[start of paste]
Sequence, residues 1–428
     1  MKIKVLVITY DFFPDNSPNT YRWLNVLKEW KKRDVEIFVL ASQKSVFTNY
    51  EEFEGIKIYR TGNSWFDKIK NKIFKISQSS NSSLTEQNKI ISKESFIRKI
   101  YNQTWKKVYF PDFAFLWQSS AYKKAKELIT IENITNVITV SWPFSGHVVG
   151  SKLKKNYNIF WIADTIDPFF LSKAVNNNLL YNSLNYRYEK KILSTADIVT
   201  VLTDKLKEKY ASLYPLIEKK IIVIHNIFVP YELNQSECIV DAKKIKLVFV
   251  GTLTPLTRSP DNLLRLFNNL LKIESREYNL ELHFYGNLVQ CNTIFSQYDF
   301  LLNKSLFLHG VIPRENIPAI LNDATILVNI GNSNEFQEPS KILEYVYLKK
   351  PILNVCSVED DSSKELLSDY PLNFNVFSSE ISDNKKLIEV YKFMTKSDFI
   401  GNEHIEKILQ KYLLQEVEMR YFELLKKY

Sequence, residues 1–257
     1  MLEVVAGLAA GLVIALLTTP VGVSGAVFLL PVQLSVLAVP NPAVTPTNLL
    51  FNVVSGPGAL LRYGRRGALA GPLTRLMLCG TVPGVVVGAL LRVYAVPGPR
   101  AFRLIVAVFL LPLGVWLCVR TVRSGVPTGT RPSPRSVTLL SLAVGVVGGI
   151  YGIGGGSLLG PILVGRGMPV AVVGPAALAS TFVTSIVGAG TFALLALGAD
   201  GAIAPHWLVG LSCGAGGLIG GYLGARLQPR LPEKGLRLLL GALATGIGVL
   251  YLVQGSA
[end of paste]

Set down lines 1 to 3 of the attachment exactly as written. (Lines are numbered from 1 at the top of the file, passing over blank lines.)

Sequence, residues 1–428
     1  MKIKVLVITY DFFPDNSPNT YRWLNVLKEW KKRDVEIFVL ASQKSVFTNY
    51  EEFEGIKIYR TGNSWFDKIK NKIFKISQSS NSSLTEQNKI ISKESFIRKI